By Jason Snell
September 23, 2020 3:01 PM PT
iOS 14 customization: A tale as old as time
One of the big features of iOS 14 is the addition of home screen widgets. Combine this with a bunch of new widget apps such as Widgetsmith, designed with lots of options to add decoration or information to an iPhone, and iPhone users now have the ability to radically customize their home screens.
(iOS 14 isn’t quite the whole story here—users were previously able to use Shortcuts to create app-launching apps with custom names and icons, but the new ability to hide pages on the home screen makes those icons truly disappear.)
The result, starting immediately upon iOS 14’s release, has been a viral avalanche of home-screen customization tips, driven mostly by young people on platforms like TikTok and Instagram.
So now comes the backlash—people complaining about other people having fun doing things to their iPhones.
I’d like to say I’m surprised, but this is the most predictable thing ever. People were jerks about Memojis, and Animojis, and emojis in general! Sticker shamers exist. People who hate flashy iPhone cases. Why wouldn’t people be jerks about this thing, too?
Some people can’t step outside their own point of view and imagine why someone else might want to do something they don’t. And some of those people react by denigrating the people who are having fun.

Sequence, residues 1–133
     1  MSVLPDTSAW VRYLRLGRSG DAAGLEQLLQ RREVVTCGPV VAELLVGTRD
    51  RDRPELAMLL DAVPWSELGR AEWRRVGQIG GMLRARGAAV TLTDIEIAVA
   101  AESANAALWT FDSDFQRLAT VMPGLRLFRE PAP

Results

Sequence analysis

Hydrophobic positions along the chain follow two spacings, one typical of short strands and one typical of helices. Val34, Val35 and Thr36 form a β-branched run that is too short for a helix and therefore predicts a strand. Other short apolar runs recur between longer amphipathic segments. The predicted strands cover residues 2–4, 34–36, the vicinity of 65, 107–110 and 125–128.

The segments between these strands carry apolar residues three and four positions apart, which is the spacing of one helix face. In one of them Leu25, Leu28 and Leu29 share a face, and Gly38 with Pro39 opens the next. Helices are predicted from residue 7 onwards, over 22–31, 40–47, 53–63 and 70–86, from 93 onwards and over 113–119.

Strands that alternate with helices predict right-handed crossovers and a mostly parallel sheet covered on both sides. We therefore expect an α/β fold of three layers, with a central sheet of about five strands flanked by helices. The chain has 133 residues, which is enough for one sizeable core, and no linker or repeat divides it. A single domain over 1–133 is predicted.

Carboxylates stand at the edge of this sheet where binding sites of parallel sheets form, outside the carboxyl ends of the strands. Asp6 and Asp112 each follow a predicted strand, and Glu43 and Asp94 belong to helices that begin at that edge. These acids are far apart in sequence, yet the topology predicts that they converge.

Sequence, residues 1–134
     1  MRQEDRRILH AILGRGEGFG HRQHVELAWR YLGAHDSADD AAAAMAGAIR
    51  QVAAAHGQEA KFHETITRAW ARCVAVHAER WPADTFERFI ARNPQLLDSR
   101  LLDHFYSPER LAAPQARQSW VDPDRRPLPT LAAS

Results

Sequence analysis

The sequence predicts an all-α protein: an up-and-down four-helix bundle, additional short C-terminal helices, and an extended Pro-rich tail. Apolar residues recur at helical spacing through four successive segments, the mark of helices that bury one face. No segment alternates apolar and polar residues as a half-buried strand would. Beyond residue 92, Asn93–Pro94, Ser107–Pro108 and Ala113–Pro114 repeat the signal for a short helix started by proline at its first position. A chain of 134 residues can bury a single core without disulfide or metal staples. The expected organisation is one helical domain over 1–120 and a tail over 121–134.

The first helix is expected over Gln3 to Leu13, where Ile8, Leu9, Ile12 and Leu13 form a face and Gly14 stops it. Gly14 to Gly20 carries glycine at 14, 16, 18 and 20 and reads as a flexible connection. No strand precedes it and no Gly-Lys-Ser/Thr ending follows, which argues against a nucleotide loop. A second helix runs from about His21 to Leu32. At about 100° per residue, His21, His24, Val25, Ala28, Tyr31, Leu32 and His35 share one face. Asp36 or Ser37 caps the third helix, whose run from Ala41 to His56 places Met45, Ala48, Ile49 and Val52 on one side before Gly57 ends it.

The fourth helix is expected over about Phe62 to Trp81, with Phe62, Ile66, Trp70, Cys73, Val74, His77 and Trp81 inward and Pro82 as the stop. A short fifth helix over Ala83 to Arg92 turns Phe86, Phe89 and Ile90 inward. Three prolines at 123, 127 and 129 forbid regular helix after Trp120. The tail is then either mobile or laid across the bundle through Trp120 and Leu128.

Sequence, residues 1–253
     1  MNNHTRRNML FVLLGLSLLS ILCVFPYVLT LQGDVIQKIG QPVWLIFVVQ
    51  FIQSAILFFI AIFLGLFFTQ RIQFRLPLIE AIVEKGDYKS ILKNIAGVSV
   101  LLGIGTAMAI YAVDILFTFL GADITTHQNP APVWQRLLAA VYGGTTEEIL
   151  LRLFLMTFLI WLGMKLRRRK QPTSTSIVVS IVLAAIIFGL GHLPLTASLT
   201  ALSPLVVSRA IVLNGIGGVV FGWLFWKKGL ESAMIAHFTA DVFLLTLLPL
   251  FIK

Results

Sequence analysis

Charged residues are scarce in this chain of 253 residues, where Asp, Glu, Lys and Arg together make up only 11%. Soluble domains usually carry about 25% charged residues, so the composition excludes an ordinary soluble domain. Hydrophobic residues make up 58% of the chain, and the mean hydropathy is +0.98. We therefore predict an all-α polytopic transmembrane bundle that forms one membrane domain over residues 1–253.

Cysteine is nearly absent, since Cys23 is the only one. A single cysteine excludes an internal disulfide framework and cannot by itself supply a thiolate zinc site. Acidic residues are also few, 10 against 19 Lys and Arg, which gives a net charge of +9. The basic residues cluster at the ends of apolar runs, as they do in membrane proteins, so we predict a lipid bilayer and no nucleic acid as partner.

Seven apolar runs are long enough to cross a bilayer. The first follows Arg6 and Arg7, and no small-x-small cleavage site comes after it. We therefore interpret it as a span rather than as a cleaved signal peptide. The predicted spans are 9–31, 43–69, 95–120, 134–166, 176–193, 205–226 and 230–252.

What’s worse, I’d imagine that many of these assassins of joy are old enough to remember when they enthusiastically customized their own devices!
The Mac has a long history of customization. When I became a Mac user in the early 90s, it was de rigueur to give your Mac hard drive a name and a custom icon. Ideally, you had a custom wallpaper pattern or image, too. Apps like SoundMaster let you set custom sounds for various actions. The list went on and on. Your Mac felt like home—and like no one else’s.1
What’s more surprising is that Apple was so slow in bringing real customization to the iPhone home screen.2 If adding widgets to iOS 14 has caused enormous burst of creativity, it’s only because all that desire had built up over years and years with very little outlet.
This is not a surprise. This is not the effect of young whippersnappers raised on social media wanting to do goofy things with their phones. Users of computer platforms have wanted to customize and personalize for decades.
David Smith, the developer of Widgetsmith, has watched his app rocket to the top of the App Store charts as a part of this trend. I’m sure his road map for new features has changed dramatically since discovering what people wanted to use it for.
Apple should be getting the message, loud and clear. The company realized a while back that new emojis and animoji characters and memoji designs and the like can help convince people to update the operating system on their devices. Surely it’s clear that iPhone users desperately want more tools to customize their home screens. If more customization features aren’t shooting up Apple’s priority list for iOS 15 (or before), something’s really wrong.
So party on, home screen designers. Don’t let the curmudgeons bring you down. You’re just the latest in a proud line of people who have wanted to do the natural thing and make their technology more personal.
If you appreciate articles like this one, support us by becoming a Six Colors subscriber. Subscribers get access to an exclusive podcast, members-only stories, and a special community.